Cajuns are people who enjoy every moment of life. They aren’t city planners, architects, or engineers. They’re country people. Their thing is living in the moment. The greatest celebration of the moment on a daily basis is meals. Cajuns have an incredible zest about eating and putting their energy into food. They love texture, which is why they like spicy food and all kinds of food that has a lot of surface to it. Cajun philosophy center around the kitchen and around eating. As far as Cajuns are concerned, if you haven’t eaten with someone, you don’t know them.


Dancing is another example of living in the moment and celebrating life. What’s amazing when you go to Louisiana is that you see the oldest people dancing. People in there nineties will be out in the dance floor kicking up a storm. People of all ages go to the dance halls. So the dance hall is another place where Cajun culture comes together to celebrate the energy of life. One of the famous clubs is Fred’s in Mamou. If you walk in at 11 o’ clock on Saturday morning you’d find the place already hopping. The truth is that it’s all the people from the night before who are still there. Since there are no windows in the place no one has any idea or cares what time it is.


Jokes, stories, and conversations are all a celebration of life and obviously the best place to do that is over a meal or a cup of coffee. Coffee is a central part of Cajuns culture. It’s a time to stop and talk. You don’t drink coffee while working.


Cajuns like to talk and tell stories. One of my uncles in Louisiana still resents the telephone. He thinks that if people want to talk with you, they should drive over to your place. Then you’ll know it’s important and you’ll stop what you’re doing to have a talk.

As a kid I remember sitting on the front porch in rocking chairs and endlessly listening to my uncles, grandfather, and grandmother telling stories and talking. That’s what I go home to Louisiana for now. I need the fix- to be with people who know how to talk.

One time I went on a fishing trip with my Uncle Wib. We got up at three A.M. to go down to Grand Isle and we never stopped talking. We were supposed to get there by sunrise. At 10 o’clock I pointed that out. He said ‘Oh my God, I took the wrong road at Thibodaux five hours back.’ We were so deep in conversation that we forgot about everything else.

To Cajuns nothing is more important than communication. We get so busy in our modern world that we don’t really have time to talk with each other – everything is oriented toward efficiency and arranged in bytes. Just enough is said to get by. But to Cajuns talking is an art.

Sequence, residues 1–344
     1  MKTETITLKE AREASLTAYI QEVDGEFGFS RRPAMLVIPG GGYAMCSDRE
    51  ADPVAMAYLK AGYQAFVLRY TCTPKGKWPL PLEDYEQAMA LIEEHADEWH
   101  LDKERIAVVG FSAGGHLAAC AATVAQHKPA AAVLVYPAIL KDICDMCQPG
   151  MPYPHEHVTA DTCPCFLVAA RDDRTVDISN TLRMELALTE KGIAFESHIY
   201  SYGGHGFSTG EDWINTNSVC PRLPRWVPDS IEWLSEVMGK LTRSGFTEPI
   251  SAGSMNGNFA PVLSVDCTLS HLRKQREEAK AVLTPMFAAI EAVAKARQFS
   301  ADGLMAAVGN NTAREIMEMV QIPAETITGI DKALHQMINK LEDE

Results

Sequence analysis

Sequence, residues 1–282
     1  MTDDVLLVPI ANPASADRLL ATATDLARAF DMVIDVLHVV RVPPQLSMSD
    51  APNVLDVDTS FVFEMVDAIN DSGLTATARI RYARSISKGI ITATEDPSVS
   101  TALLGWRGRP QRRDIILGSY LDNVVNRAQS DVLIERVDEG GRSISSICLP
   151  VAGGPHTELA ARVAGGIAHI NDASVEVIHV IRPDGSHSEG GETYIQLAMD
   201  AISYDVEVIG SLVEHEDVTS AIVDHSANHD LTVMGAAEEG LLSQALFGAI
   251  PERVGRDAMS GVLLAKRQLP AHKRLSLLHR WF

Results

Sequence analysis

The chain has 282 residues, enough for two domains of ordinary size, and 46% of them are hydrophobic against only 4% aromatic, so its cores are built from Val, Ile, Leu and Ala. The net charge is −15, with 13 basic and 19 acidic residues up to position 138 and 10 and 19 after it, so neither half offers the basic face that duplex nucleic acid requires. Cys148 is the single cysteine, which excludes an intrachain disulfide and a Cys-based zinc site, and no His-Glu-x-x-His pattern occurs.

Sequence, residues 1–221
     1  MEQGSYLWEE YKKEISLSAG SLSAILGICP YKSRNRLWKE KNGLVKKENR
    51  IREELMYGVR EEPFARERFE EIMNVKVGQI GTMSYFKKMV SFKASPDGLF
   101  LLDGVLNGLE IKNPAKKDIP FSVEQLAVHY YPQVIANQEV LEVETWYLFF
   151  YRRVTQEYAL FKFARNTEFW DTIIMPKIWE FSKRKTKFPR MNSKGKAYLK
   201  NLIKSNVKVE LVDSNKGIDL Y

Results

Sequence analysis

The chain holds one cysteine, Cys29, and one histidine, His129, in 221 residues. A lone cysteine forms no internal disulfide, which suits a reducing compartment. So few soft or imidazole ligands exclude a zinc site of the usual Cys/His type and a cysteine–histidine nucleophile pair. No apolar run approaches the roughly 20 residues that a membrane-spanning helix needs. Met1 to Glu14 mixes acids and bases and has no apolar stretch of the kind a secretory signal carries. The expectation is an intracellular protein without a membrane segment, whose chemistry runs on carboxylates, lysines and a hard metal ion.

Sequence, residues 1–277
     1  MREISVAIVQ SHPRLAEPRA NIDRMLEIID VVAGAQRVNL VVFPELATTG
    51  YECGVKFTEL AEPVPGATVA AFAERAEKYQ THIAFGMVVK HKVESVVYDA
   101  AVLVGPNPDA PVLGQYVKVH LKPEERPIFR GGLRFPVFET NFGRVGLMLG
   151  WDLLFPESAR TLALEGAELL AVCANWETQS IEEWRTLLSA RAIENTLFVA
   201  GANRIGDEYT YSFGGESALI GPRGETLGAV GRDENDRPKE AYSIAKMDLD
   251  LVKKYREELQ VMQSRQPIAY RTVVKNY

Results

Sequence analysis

What is your next Cajun book?

It is similar to Cajun Household Wisdom except it’s about the kitchen and eating. It’s called Cajun Kitchen Wisdom and has recipes for smothered chicken, lima beans and lots more. It contains sayings that have to do with the kitchen. One is “If de gumbo is good, you can put up with de cook.’ It also presents fishing and farming stories. The thing about Cajun humor is that much of it is about fishing or farming stories. The White Mule stories are prime examples of farming tales.

One of my favorite White Mule stories will appear in the next book, Cajun Kitchen Wisdom.

It goes like this: A stranger walks into a bar in Abbeville and takes a seat. Halfway through his Jax, he pulls a huge tomato out of the paper bag he carried in, and sets it on the counter. The bartender sees him do it, but doesn’t even stop wiping his glasses. The man at the other end of the bar doesn’t come over either.

So the stranger asks, “Y’all see dis tomata?’

The other two men nod.

“Sacre blue du couyon,” the stranger says. “Have you ever seed a tomata as dis heah?’

The other two men move over politely to take a closer look. The man who was at the far stool lifts the tomato, palms it, smells it, rubs it, smells his finger, then puts it back on the bar. The bartender doesn’t even bother to do the same. He just exchanges glances with the other man.

“Well?’ demands the stranger.

‘Well, ah foh one siurley have,’ says the man from the other stool.